I lost a lot of weight a few years ago by:

  • Cutting out alcohol
  • Having no puddings or sweet snacks
  • Riding hard for an hour or more 3 or 4 times a week. [/LIST] I have put some of it back on recently by [LIST=1]
  • Drinking alcohol
  • Having puddings and sweet snacks
  • Hardly riding at all. [/LIST]
  • Me too.

    I felt that I wasn’t losing weight despite unicycling almost daily.

    I started Karate. I go 2 or 3 times a week. It’s strengthened my legs and vastly improved my stamina and fitness. (Not to mention the fact that the weather has been rubbish for unicycling this summer so I haven’t been unicycling so much this summer)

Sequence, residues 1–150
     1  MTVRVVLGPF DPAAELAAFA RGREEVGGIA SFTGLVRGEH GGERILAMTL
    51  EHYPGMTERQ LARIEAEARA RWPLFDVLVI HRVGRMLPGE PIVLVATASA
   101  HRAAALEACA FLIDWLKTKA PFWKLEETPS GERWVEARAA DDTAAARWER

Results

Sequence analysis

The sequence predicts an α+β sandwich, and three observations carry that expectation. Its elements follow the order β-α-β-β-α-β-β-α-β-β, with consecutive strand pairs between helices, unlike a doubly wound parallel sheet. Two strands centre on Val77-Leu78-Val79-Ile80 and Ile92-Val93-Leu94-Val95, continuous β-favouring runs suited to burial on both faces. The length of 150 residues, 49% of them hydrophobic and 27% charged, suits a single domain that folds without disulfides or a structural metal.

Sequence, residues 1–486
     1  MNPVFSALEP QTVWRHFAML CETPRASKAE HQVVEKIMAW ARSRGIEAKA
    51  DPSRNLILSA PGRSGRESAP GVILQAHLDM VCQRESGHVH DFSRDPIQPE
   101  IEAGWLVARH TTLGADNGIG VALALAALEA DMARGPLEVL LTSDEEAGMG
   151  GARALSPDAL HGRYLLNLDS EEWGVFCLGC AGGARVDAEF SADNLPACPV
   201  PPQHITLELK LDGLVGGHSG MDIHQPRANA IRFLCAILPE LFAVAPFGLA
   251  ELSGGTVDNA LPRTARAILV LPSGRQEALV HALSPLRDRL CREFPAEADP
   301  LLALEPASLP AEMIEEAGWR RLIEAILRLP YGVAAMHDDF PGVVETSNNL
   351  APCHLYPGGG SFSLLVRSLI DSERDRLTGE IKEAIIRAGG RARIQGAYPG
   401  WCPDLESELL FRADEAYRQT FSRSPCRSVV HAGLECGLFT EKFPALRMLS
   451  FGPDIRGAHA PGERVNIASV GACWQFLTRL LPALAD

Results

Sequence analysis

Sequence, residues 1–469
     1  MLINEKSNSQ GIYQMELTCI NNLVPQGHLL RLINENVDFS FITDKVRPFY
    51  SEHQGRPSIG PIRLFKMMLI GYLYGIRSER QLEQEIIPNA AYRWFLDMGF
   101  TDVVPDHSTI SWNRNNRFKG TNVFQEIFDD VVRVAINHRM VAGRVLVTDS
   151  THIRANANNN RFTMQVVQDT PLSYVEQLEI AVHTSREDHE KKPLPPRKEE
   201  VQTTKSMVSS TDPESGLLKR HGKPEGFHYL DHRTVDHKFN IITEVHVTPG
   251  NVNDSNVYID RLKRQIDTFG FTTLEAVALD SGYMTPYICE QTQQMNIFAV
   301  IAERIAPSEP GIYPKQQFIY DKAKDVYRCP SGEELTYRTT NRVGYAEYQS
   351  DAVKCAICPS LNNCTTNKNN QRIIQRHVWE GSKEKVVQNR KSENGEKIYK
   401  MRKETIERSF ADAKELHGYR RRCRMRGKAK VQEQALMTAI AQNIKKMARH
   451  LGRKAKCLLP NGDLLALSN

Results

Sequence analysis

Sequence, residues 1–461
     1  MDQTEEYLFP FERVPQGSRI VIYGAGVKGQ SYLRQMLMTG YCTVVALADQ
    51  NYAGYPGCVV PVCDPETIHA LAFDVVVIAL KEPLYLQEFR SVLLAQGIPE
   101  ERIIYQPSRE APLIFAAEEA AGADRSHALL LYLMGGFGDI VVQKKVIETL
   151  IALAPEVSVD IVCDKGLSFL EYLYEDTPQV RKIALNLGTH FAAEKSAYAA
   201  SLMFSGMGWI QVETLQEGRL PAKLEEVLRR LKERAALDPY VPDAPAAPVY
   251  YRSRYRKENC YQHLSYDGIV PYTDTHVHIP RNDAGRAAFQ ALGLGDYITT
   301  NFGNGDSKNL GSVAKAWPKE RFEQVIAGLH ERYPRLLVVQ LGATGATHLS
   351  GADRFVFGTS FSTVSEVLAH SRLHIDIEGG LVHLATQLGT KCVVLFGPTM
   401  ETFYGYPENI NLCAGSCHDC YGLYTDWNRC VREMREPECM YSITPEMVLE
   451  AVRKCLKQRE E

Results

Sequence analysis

You left out a key part of your strategy:

    1. Ignore all this stuff for six months, then schedule a huge, intimidating ride that you know you’ll have to force yourself to train for.

    Yes, that’s the “scare myself into fitness strategy”

    A good example: Sign up for Ride the Lobster where you know you’ll be competing against the best unicyclists in the world.

    Thank you all for you input.

    I think part of my frustration is that I was a cross country/track athelte in college. Back then I was at about 155 lbs and less than 5% body fat. At that time I was eating 8000 - 10000 calories a day and burning them all… I remember what being in shape felt like…

    But now I am older, and many years of desk jobs and far less activity has slowed all that down. I don’t expect to get back down to the 150’s, but I would love to lose about 50 lbs…

    As for scheduling a scary ride… that sounds, well… scary… :wink:

    And as for RTL, well… um… At least let me get a road uni first… :open_mouth: